Many of the elementary schools in southern Vermont’s Windham County hold an All School Sing: a weekly gathering of staff, students, and some parents. Many of the songs on the ‘Song in My Heart’ CD were sung at the All School Sings we led when we were music teachers. Some songs marked the year: Martin Luther King for his birthday, Harriet Tubman for Black History Month, "Silver Rain" for Thanksgiving, "This Pretty Planet" for Earth Day, and "Mail Myself to You" for Valentine’s Day. We always enjoyed singing the song "Country Life", a rousing traditional English song from the Waterson family which sings of the joys of the seasons. "Now It’s Time to Go", Peter’s round, would often mark the end of the sing.

We composed two of the songs on Song in My Heart to deal with conflict resolution and bullying. My "Say What You Want" was inspired by a Responsive Classroom workshop on conflict resolution. Peter was commissioned by a school in Lititz, PA to write a song for their school about "Celebrating the Differences” and to include a verse about bullying, so he wrote "Brotherhood and Sisterhood". John McCutcheon’s wonderful song "The Kindergarten Wall" deals so well with social themes as well: “don’t hurt each other and clean up your mess!”

Song in My Heart includes our song settings of poems: Peter’s setting of "The Owl and the Pussycat" by Edward Lear and my "Johnny Appleseed" by Steven and Rosemary Vincent Binet. Both of these poems have been published in picture book version, so one way to use the songs is to ‘sing’ the poems to the children or show them the picture books to the songs on the CD. “Singing” a book creates an opportunity to make a strong connection with literacy; "What a Wonderful World" and "I Miss You Everyday" (a companion to the Woody Guthrie song Mail Myself to You) are available as picture books. A kindergarten teacher once remarked to me that young children are intimately connected to a song, more so than to the written word, and therefore a book of a song is a dynamic tool for literacy learning. Big books and charts of songs also augment the experience of both written and oral language.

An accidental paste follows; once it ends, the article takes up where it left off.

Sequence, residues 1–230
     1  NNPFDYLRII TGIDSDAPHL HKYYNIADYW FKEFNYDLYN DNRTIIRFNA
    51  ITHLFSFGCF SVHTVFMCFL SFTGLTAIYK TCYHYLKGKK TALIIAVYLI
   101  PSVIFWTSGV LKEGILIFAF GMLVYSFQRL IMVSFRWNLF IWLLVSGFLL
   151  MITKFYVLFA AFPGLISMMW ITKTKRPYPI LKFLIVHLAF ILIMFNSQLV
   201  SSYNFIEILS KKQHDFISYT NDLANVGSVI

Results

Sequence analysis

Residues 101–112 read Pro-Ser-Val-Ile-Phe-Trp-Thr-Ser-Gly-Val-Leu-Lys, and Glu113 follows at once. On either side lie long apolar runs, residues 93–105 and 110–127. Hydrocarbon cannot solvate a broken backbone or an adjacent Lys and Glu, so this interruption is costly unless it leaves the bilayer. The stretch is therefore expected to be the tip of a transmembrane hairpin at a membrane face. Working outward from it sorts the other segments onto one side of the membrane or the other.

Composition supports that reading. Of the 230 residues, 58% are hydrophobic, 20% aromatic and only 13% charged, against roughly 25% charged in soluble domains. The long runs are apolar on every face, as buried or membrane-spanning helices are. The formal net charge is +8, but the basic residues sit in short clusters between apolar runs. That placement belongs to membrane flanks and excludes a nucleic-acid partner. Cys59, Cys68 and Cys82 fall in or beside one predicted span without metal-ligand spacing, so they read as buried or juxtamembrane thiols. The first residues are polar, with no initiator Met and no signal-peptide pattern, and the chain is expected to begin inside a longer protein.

Orff teacher Judith Thomas remarked on the importance and integrity of “universals” in selection of repertoire. Sun, moon, stars, nature, and the seasons are reflected in many of the songs here. "Mr. Moon" and "Great Big Star" are elegantly simple tunes and examples of this both great for solos by children. Raffi’s "All I Really Need" is a hymn to universals: the sun and rain, food and a loving family as what we really need. My song "I’m Growing Up" was written to compliment a study of the life cycle. "The Seed in the Ground" by Connie Caldor is a celebration of the growth cycle of the seed into the flower and beginning again.

One second grade teacher used the song "Gentle Heart" to celebrate a child’s birthday: “If you want your dreams to be, take your time, go slowly, do few things but do them well, heartfelt work grows purely”, wise words to live by. We hope that this CD will both inspire many and fill children with songs in their hearts.

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Tags: Peter Amidon, Mary Alice Amidon, A Song In My Heart, children's music
Categories: Kids & Movement, Music, Books & Resources, Music Advocacy, Music Education
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Ring, Dance, and Play
By Griff Gall and Paul Weller
3/11/2015 11:02:00 AM  
Choirchimes are a versatile instrument found in many classrooms. This instrument is frequently used in an ensemble setting, similar to a traditional handbell choir. However, many educators are quickly discovering their value as a classroom instrument. Ring, Dance, and Play is the first resource of its kind to treat Choirchimes as an Orff instrument, incorporating them into the type of lessons and activities music educators will find familiar. This was our main objective as we sat out to create this resource. We wanted to create lessons that would demonstrate how Choirchimes could be seamlessly integrated into the general music classroom. To achieve this, we created lessons that utilize Choirchimes in an elemental style associated with Orff Schulwerk. This book contains lessons based on folksong arrangements, traditional Schulwerk source materials and original compositions for recorder and Choirchimes. Many lessons incorporate movement as well as improvisation or composition components. We hope that Ring, Dance, and Play inspire music educators to explore the value of Choirchimes as a classroom instrument.

Shop for Choirchimes here!

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Tags: griff gall, paul weller, choirchimes, handbell, orff, schulwerk
Categories: Orff, Kids & Movement, Music Education
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2017
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Rhythm For Good